Post by Grammer Professor on Jul 4, 2007 19:18:21 GMT -5
Either ALJs or ALJ’s is technically correct.
From a leading grammer text.......
The traditional style of pluralizing single letters with the addition of ’s (for example, B’s come after A’s) was extended to some of the earliest initialisms, which tended to be written with periods to indicate the omission of letters; some writers still pluralize initialisms in this way. Additionally, because an apostrophe can stand for missing letters, an abbreviation of compact discs, for example, can logically be rendered CD’s. Some style guides continue to require such apostrophes—perhaps partly to make it clear that the lower case s is only for pluralization and would not appear in the singular form of the word, for some acronyms and abbreviations do include lower case letters.
However, it has become common among many writers to inflect initialisms as ordinary words, using simple s, without an apostrophe, for the plural. In this case, compact discs becomes CDs. The logic here is that the apostrophe should be restricted to possessives: for example, the CD’s label (the label of the compact disc).
From, Clear and Concise Writing for the OHA Scrivener and Parascrivener. WestLaw Publishing. 2004.
Post by ALJ candidate on Jul 4, 2007 19:59:40 GMT -5
Grammar parolee wrote
Numerous posters here and elsewhere add a ' before the s in aljs. Most of the time it is used in a non-possessive sense and is therefore inaccurate. Such an egregious grammar error would penalize you on an exam.
So, Grammer Teach., are you saying I won't necessarily flunk the written exam for ALJ's [emphasis added] just because I say ALJ's and not ALJs ? If that is true then I guess Grammar parolee better call his mother and tell her he will never be a grammar professor.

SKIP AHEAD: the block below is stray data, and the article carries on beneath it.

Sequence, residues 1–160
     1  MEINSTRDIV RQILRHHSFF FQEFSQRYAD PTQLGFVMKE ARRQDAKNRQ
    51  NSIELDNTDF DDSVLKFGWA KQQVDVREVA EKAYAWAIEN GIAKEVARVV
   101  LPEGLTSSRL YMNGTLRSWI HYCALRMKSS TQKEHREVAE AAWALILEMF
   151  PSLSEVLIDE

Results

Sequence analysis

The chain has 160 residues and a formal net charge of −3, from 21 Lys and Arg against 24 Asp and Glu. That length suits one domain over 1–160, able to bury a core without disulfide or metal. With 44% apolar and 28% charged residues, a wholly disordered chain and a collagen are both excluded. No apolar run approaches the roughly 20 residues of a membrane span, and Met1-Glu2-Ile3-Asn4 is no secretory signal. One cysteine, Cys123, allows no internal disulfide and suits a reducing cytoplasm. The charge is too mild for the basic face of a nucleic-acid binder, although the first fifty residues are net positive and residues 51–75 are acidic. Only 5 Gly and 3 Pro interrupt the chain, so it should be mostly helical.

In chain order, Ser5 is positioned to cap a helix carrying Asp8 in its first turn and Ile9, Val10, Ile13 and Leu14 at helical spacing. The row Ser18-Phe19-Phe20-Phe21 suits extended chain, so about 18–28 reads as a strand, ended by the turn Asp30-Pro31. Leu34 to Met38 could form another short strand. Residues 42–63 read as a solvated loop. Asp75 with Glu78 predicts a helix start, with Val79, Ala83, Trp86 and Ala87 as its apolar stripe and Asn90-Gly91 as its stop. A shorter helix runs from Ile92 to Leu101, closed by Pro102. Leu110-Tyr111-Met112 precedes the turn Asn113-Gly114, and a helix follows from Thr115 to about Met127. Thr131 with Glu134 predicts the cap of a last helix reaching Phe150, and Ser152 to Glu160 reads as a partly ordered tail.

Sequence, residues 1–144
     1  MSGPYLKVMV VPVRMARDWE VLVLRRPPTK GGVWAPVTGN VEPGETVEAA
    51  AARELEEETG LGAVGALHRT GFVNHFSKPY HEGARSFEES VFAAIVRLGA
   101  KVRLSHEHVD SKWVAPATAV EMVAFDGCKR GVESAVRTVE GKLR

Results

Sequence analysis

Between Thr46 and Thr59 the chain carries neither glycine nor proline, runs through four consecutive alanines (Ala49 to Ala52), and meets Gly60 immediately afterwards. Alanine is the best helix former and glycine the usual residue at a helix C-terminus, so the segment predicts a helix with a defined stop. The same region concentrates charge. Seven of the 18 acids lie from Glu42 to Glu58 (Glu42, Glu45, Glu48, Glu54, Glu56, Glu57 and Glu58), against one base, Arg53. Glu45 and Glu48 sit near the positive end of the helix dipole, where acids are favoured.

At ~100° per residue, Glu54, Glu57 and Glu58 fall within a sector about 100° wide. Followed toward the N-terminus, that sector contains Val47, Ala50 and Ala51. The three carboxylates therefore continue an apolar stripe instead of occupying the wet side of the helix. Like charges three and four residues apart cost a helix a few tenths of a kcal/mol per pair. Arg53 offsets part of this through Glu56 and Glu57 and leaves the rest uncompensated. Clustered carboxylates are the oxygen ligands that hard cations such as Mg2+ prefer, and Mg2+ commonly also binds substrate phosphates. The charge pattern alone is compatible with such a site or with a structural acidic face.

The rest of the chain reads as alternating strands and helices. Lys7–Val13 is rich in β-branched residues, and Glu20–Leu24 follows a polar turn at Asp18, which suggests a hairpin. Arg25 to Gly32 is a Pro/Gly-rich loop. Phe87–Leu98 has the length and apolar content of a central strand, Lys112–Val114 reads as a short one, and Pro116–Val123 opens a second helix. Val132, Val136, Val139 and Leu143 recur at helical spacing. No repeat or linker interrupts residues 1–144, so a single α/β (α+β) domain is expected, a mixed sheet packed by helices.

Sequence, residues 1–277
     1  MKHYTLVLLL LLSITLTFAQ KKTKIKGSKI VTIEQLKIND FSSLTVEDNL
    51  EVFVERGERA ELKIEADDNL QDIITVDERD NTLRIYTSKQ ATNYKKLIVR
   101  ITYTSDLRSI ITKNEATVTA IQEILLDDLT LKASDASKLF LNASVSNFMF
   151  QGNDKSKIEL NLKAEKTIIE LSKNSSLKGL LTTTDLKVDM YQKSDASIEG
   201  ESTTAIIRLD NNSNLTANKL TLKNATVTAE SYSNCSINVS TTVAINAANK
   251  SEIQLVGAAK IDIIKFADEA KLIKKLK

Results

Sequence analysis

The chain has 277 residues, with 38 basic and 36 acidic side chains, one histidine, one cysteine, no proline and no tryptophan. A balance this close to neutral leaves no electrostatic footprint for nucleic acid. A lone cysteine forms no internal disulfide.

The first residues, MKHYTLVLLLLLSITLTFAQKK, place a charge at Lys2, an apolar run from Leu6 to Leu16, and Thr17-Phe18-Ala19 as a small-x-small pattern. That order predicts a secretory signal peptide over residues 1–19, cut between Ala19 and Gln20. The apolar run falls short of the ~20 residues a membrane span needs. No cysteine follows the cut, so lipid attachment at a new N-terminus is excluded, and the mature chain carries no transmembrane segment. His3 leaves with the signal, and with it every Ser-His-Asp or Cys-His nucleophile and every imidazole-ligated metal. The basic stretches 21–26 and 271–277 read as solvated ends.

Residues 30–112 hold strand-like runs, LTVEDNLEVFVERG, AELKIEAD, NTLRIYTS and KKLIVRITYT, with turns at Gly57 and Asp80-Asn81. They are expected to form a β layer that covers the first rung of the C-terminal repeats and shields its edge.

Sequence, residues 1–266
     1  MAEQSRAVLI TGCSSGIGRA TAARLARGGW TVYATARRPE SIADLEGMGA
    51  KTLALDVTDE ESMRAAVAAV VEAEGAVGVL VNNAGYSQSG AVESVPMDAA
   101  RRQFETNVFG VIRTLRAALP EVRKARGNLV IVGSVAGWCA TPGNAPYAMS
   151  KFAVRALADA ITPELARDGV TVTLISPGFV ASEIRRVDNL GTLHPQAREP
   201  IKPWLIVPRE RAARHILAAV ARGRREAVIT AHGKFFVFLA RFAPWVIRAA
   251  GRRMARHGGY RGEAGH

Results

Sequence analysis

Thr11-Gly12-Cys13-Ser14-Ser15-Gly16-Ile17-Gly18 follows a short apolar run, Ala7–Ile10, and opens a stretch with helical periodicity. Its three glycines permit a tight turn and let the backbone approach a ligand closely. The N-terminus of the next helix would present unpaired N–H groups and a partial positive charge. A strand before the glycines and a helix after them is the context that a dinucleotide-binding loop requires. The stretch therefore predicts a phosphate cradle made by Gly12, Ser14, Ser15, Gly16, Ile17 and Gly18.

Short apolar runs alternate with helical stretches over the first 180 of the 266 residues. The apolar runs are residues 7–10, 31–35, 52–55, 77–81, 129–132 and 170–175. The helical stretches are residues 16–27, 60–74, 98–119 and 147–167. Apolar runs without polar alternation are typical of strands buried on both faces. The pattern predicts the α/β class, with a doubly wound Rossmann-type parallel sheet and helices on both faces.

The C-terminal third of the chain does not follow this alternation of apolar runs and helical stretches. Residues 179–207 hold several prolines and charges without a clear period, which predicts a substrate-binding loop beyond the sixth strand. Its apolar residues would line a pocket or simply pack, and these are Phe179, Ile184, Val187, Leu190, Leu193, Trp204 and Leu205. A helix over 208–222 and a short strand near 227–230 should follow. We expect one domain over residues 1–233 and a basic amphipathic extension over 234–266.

As for rules of capitalization, the ALJ's in my office require writers to refer to them in decisions as ADMINISTRATIVE LAW JUDGES, making the issue of whether or not to capitalize initial letters moot.
Better to keep your yap shut than to open it and remove all doubt, you dope:
Dictionary.com Unabridged (v 1.1) - Cite This Source gram·mar /ˈgræmər/ Pronunciation Key - Show Spelled Pronunciation[gram-er] Pronunciation Key - Show IPA Pronunciation –noun 1. the study of the way the sentences of a language are constructed; morphology and syntax. 2. these features or constructions themselves: English grammar. 3. an account of these features; a set of rules accounting for these constructions: a grammar of English. 4. Generative Grammar. a device, as a body of rules, whose output is all of the sentences that are permissible in a given language, while excluding all those that are not permissible. 5. prescriptive grammar. 6. knowledge or usage of the preferred or prescribed forms in speaking or writing: She said his grammar was terrible. 7. the elements of any science, art, or subject. 8. a book treating such elements.
What is missed is that the bad advice WAS A not so subtle attempt to screw up the written exams by the idiots who rely on this board for guidance. Go ahead and use inappropriate apostrophes (you can't go wrong without one for the plural aljs but you take your chance with one as alj's and see what happens) and do misspell grammar if you get the chance. How would you use a plural possessive with your alj's b/t/w: alj's' - try that, it will get you noticed ? Let's hope that those laptops have a built in spell check/grammar program for some of you!
If you are a fedro in D.C. the fix is in; just don't be too obvious in your writing. The agency is setting up a new location, so they can legally tell AALJ to pack sand as far as their transfer list goes. Just be prepared to do a lot of video hearings with raw files and if, you will agree to write some of your own decisions, say 90 of the 100 per month - for this year, you will be just the right kind of person the agency wants, with a 55% grant rate.